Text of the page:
“What are you doing, going to sleep!?” Rita said reproachfully, took a thin cigarette from her purse, lit it and added, “Weaklings!”
I objected, saying that it’s the middle of the night and that I and Vovka have to work in the morning.
“No, I don’t want to sleep yet!” Vovka fussed. “We can sit here for a while.”
“I see,” Rita said, her lips curling as she took the last sip from the second bottle and threw it in the trash. “It’s all clear…”
I offered to take Vovka home and then go for a walk together.
“Well… whatever, don’t mind me!” she said with disappointment in her voice.
The picker-upper we knew drove up five minutes later.
Vovka sat in the front seat. The car started.
“Did you have fun?” the driver said, looking at me in the mirror.
“We didn’t have enough!” Rita said, sliding forward on the seat and bending her knees.
“What’s stopping you?” the driver smiled.
“The men want to sleep!” Rita looked at me defiantly.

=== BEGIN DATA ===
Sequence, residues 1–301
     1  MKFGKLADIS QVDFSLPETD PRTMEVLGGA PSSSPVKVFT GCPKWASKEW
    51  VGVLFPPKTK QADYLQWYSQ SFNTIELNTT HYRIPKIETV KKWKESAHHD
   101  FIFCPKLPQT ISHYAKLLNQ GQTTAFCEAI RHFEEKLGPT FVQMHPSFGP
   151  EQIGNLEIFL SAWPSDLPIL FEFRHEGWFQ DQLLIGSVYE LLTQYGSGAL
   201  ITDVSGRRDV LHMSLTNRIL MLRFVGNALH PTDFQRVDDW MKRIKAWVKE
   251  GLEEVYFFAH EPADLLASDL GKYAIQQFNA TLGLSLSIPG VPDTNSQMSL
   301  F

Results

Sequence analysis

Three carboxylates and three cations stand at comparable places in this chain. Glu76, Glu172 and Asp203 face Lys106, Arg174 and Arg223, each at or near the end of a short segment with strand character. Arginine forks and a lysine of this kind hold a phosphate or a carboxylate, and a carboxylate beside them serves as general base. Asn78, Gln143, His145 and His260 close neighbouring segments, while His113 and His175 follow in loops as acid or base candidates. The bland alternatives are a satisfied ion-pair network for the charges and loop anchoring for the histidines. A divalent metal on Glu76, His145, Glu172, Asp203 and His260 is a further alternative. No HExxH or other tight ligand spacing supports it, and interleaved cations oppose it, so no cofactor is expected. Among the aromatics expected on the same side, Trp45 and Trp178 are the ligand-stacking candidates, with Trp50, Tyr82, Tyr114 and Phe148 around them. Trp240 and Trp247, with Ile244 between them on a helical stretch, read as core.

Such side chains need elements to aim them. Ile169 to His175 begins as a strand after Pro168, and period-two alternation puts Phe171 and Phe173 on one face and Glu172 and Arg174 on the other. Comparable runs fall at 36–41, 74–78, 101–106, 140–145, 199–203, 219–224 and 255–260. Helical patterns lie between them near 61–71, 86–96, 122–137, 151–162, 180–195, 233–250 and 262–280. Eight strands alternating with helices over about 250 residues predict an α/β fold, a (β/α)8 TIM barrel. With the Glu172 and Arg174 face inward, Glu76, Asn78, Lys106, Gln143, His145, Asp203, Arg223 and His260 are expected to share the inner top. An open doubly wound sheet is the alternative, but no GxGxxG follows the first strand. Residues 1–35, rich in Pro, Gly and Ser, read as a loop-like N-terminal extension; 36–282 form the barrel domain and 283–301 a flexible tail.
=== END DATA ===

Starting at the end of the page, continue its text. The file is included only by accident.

Vovka, who was sitting with his eyes closed, immediately perked up, turned around and shouted out:
“Nah, I’m not asleep! It’s just you assholes who want to get rid of me! Traitors!”
Rita smiled and I chuckled weakly. The car was quiet again.
“Eh, boys, stay awake!!” Rita shouted suddenly, jerking on the seat.
“We’re not sleeping, Rita, we’re not,” I said, fighting against sleep.
“Where are my flowers!!!??” the girl suddenly said petulantly and kicked the driver’s seat so hard with her knee that he turned around staggering.
I wanted to answer, but two sentences stuck in my head – one apologetic and one rude. They were on my tongue for a split second, not yielding to each other. Vovka helped me out, he said:
“Rita! What flowers!? It’s almost four in the morning! You’ll get flowers, next time we’ll buy them for sure!”
“I want them now!!” she shouted, and the driver felt another punch in the back.
At that moment, for the first time, I mentally distanced myself from Rita, sluggishly thinking “fool of a woman”. She continued to behave like a brat, but I turned away and looked out the window.
After sending Vovka to bed, we returned to the same park and sat on the same bench. The fresh air dulled the desire for sleep for a while. Rita lit a cigarette. We talked with her for about half an hour. Rita was capricious the whole conversation, and I made feeble excuses.
“You’re so boring, Roman!” She let out a puff of smoke and curled her lips sideways. “Not a chance to walk with you, nor to have any fun.”